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The Immigration Department told the independent health provider on Christmas Island not to publish a report that showed alarming rates of mental health issues among children in detention, an inquiry has heard.
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Inquiry hears evidence of neglect
Experts expressed concern about the level of medical care at an inquiry into children in detention, reports immigration correspondent Sarah Whyte.
During the third hearing of the inquiry into children in detention, Dr Peter Young revealed that the department had explicitly told International Health and Medical Services not to publish a report showing children in detention suffered very high levels of mental illness because of the harsh environment.
Dr Young, a psychiatrist and former medical director, visited Christmas Island three times.
"[The results] are very concerning. It's quite clear that a large number of children have significant distress," he said.
Dr Young said the results were reported to the Immigration Department in recent weeks and they were then asked to be withdrawn.
"The department has been very negative towards the results . . . They are concerned about what the figures are showing,'' he said.
"They have asked us to withdraw the figures from the reporting.''
Department head Martin Bowles was later asked about the claim in the inquiry and said he was not present when it allegedly happened.
''You have heard one side of the statement. Our normal practice is to consider these things. If our staff did an inappopriate thing, then I will deal with that,'' he said.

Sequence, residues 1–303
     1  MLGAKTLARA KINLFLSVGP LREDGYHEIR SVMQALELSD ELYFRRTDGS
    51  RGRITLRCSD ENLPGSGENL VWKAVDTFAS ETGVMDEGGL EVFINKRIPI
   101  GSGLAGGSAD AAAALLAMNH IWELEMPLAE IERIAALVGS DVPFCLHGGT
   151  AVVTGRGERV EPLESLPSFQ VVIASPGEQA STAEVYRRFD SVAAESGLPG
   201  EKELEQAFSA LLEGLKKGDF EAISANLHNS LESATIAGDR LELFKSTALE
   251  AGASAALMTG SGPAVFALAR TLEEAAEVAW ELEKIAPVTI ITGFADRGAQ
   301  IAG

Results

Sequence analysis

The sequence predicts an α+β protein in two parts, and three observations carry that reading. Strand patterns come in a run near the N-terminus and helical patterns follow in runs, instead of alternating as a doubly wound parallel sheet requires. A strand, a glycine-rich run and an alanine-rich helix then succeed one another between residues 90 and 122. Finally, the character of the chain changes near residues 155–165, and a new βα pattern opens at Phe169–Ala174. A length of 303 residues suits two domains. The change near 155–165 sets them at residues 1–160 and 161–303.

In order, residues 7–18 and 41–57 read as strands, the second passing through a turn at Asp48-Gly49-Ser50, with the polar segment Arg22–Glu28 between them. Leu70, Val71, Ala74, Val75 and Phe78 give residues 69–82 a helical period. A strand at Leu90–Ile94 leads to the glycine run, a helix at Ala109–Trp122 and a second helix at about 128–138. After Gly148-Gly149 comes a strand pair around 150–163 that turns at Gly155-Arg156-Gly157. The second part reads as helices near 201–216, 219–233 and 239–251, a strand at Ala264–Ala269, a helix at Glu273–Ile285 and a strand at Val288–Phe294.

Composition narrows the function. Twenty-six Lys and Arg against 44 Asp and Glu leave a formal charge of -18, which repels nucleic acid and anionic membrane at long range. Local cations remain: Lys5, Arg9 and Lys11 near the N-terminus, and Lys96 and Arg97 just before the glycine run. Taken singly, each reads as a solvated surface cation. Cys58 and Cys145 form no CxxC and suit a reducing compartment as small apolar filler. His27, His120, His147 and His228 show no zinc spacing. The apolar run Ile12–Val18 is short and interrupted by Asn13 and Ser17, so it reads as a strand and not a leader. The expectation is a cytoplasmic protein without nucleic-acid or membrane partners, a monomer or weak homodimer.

Dr Young then told the Australian Human Rights Commission inquiry that he found it "troubling" the number of times the Immigration Department had overruled decisions made by medical experts.
Children stripped of basic medications
Two doctors who worked on the island also gave evidence of the treatment of asylum seeker children who arrived on Christmas Island during 2013.
In one instance a three-year-old girl who had epilepsy had her documents and medication taken off her when she arrived, only to then suffer seizures.
Dr Grant Ferguson said the girl was eventually given the same medication from the department, but after months of waiting.
''We eventually got supply of that medication she arrived with, but they only ordered a month's worth so in a few weeks time they ran out and she was back to one (medication) again, and this whole time she was having seizures," he said.
Another young boy had his hearing aids confiscated when he arrived at Christmas Island, forcing him to lip read a dialect he did not understand. Dr Ferguson said it made the boy feel very isolated and eventually he started self harming.
Another doctor, Dr John Paul Sanggaran, said stripping asylum seekers of basic medications was a major problem.
''One of the more concerning, systematic things I saw was a couple of nurses standing around a garbage bin popping pills from a boat of new arrivals straight into the bin, with no records being taken of whose medication they were," he said.
Immigration department 'smothered in secrecy'
The latest hearing comes as Immigration Minister Scott Morrison told the ABC on Wednesday night that claims of sick children and suicidal mothers made by Australian Human Rights Commission president Professor Gillian Triggs were "sensational".
"I don't think there is evidence of the claim that the high – the Human Rights Commissioner has made in the way that she has made it," he told the ABC's 7.30.
"These are difficult environments and appropriate care is provided by our people. I think they're quite sensational claims that have been made. She herself is not a doctor and we have medical people who are there who provide that care on a daily basis."
Professor Gillian Triggs responded, saying the Immigration Department was "smothered in secrecy".
''I'm basing my views on the evidence as you'd expect a lawyer to do,'' Professor Triggs told reporters in Sydney on Thursday.
The inquiry continues.